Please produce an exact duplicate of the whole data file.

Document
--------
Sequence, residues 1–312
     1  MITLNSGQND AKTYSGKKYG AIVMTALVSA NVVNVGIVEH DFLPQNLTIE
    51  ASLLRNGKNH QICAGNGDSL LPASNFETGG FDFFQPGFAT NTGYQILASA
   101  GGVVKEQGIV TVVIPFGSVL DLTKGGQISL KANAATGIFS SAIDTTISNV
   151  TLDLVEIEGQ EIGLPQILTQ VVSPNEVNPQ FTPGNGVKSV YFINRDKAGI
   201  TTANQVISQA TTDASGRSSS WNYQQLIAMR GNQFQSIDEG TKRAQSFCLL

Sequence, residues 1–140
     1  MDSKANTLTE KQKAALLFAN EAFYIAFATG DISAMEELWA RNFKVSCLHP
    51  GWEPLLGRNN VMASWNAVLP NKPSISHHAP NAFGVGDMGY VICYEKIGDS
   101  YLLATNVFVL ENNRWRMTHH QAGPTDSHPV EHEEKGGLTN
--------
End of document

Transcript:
Sequence, residues 1–312
     1  MITLNSGQND AKTYSGKKYG AIVMTALVSA NVVNVGIVEH DFLPQNLTIE
    51  ASLLRNGKNH QICAGNGDSL LPASNFETGG FDFFQPGFAT NTGYQILASA
   101  GGVVKEQGIV TVVIPFGSVL DLTKGGQISL KANAATGIFS SAIDTTISNV
   151  TLDLVEIEGQ EIGLPQILTQ VVSPNEVNPQ FTPGNGVKSV YFINRDKAGI
   201  TTANQVISQA TTDASGRSSS WNYQQLIAMR GNQFQSIDEG TKRAQSFCLL

Sequence, residues 1–140
     1  MDSKANTLTE KQKAALLFAN EAFYIAFATG DISAMEELWA RNFKVSCLHP
    51  GWEPLLGRNN VMASWNAVLP NKPSISHHAP NAFGVGDMGY VICYEKIGDS
   101  YLLATNVFVL ENNRWRMTHH QAGPTDSHPV EHEEKGGLTN